Canada must increase incentives and charging capacity to meet EV goals: industry groups – National | Globalnews.ca

Canadian governments need to increase incentives and increase the amount of charging infrastructure in the country to meet Ottawa’s electric vehicle (EV) targets, industry groups say.

The federal government has committed to requiring that at least 20% of new passenger vehicles sold in Canada be zero-emission vehicles by 2026. This percentage will increase to at least 60% by 2030 and 100% by 2035.

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Analysis released Friday by the Automobile Dealers Association of Canada, the Canadian Vehicle Manufacturers’ Association and Global Automakers of Canada shows that Canada is not providing consumers with adequate buying incentives to switch to EVs, and that nearly 1.7 million EV chargers are short of what is needed to power an increasingly electrified vehicle fleet.

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“We are fully committed to electrifying the fleet and… decarbonizing our industry.… This transition is happening, but it may be happening in some ways faster than the industry thought it was going to happen,” David Adams, president and CEO of Global Automakers of Canada, said at a news conference Friday.

“We want to work with the government and we want to work with other industry partners, but we have to make sure that those goals are realistic and that at the end of the day we achieve the real goal, which is to reduce the carbon emissions from transport.

The incentives are insufficient, the group finds

Canadian governments must agree on incentives designed for new EV purchases in Canada, the groups say.

Currently, the federal government is offering up to $5,000 towards the purchase of any new electric vehicle in the country. Additionally, provinces like British Columbia and Quebec are offering up to $3,000 and $8,000, respectively, towards the purchase of a new EV. New Brunswick, Nova Scotia, Prince Edward Island and the Yukon also offer similar incentives.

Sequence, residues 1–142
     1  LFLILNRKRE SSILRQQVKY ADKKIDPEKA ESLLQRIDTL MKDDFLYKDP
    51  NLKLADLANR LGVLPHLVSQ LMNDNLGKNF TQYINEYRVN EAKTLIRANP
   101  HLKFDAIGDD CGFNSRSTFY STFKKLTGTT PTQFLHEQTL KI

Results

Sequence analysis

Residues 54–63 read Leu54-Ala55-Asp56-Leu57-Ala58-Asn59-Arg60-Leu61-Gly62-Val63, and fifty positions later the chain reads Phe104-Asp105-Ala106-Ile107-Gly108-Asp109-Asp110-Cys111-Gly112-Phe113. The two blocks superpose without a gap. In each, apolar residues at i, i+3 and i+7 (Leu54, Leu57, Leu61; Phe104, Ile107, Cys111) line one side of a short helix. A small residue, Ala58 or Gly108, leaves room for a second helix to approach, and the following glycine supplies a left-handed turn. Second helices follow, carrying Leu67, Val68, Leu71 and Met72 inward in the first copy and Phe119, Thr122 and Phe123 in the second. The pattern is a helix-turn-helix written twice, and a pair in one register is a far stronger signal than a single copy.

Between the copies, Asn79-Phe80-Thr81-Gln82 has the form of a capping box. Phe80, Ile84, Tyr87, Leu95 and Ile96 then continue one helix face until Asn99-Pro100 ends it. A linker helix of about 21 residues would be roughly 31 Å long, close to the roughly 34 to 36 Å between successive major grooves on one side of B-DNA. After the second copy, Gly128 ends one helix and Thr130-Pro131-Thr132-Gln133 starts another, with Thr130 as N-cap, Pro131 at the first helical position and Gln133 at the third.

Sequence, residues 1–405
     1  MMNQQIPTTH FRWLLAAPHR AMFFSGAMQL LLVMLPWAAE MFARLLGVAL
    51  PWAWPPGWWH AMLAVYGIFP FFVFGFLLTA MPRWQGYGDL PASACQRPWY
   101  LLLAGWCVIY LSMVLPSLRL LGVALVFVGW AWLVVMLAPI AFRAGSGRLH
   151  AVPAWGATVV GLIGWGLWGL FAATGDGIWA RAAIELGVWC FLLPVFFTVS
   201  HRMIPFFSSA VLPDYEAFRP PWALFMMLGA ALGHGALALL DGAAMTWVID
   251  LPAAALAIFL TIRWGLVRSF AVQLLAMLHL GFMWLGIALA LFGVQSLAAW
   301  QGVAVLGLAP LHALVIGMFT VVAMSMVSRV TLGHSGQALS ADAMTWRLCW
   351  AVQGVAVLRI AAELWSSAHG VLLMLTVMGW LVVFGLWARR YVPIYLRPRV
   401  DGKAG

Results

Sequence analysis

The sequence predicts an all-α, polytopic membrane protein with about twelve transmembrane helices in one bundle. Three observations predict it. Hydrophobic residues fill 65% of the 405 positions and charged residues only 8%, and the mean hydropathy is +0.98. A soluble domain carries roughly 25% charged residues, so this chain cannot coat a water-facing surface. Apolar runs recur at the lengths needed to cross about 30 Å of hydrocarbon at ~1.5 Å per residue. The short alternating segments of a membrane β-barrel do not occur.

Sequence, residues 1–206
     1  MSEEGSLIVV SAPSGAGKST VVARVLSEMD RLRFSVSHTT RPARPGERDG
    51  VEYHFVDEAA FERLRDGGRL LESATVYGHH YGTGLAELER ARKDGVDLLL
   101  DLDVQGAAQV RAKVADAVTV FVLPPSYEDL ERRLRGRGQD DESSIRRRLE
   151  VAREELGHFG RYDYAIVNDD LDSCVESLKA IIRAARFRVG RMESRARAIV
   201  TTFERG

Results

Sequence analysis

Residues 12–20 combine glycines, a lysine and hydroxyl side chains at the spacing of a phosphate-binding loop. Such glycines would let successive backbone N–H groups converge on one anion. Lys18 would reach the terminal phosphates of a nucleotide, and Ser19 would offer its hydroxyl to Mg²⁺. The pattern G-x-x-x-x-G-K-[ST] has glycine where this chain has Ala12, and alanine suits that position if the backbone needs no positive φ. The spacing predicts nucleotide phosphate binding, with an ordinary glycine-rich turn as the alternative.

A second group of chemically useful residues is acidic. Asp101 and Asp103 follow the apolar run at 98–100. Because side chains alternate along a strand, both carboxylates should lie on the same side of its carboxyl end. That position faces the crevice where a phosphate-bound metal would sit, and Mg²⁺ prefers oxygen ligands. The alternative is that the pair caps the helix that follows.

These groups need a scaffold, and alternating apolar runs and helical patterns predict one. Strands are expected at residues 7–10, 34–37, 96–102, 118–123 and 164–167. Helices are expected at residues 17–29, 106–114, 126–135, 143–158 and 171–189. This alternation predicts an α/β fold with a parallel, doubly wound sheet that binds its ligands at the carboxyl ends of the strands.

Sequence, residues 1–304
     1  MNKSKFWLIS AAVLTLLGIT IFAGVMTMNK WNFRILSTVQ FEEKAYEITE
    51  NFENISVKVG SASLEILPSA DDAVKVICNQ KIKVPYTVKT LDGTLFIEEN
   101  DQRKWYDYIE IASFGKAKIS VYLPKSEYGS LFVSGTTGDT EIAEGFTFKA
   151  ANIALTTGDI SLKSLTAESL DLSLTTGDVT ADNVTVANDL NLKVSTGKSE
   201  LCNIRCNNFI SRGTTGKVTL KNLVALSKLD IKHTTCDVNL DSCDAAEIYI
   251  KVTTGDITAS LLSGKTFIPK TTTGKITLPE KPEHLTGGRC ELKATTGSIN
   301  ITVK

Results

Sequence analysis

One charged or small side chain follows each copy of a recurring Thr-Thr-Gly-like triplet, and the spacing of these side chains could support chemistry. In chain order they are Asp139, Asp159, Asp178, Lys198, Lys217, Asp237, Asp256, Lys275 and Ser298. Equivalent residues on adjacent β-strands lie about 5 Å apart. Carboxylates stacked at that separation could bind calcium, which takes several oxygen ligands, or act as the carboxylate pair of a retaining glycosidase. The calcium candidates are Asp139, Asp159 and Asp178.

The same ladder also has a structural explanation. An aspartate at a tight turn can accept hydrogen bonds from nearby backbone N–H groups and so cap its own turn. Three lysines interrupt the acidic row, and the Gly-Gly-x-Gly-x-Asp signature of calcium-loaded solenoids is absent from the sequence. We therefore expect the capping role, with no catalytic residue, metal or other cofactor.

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Ontario, which offered a rebate until Premier Doug Ford canned it in 2018, is offering up to $1,000 in incentives for buying a used electric vehicle and up to $1,000 for scrapping an old gas-powered car.

Other jurisdictions in Canada don’t offer incentives for new electric vehicles, which is a problem, said Brian Kingston, president and CEO of the Canadian Vehicle Manufacturers’ Association.

“Your maximum amount available … is $5,000, and that’s just not going to reduce it,” he said.

“Canadians are facing an affordability crisis (currently). We need to help them go electric and accept the incentives of the most powerful tool available. »

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During the analysis, the group compared Canada’s federal and provincial programs with the new US federal electric vehicle incentive and California’s initiative. These combined programs offer up to $12,200 in incentives for the purchase of a new electric vehicle, the groups said.

Kingston suggests that provinces set up their own rebate programs or, if they object, offer a tax credit like the United States does with its federal tax credit of up to $7,500.

“The industry is not asking for incentives forever,” Adams said.

“At some point there will be price parity; given the current environment, that price parity point has been pushed back a bit further simply because of the inflationary impact on vehicle prices right now.

More public charging stations are also needed

Electric vehicle charging stations are becoming more common in Canadian public spaces, but there’s still a lot of work to do, Kingston said.

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Currently, the groups have calculated that Canada has 16,242 public charging stations for electric vehicles. If 50% of cars in Canada were fully electric, the country would need 1,676,580 chargers to power them.

“You can double those numbers to get an idea of ​​what we’ll need over the next decade if we’re going to be able to power a fully electrified vehicle fleet,” Kingston said.

“It sets aside the whole discussion of multi-unit residential buildings and (parking) garages. We will also have to help these Canadians with the possibility of charging at home. »


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On Thursday, the federal government announced $4 million in funding to help install 680 EV charging stations in Quebec by March 31, 2024. They will be placed in public places, in residential buildings in multiple dwellings, on streets, in workplaces or in light vehicle fleet maintenance facilities.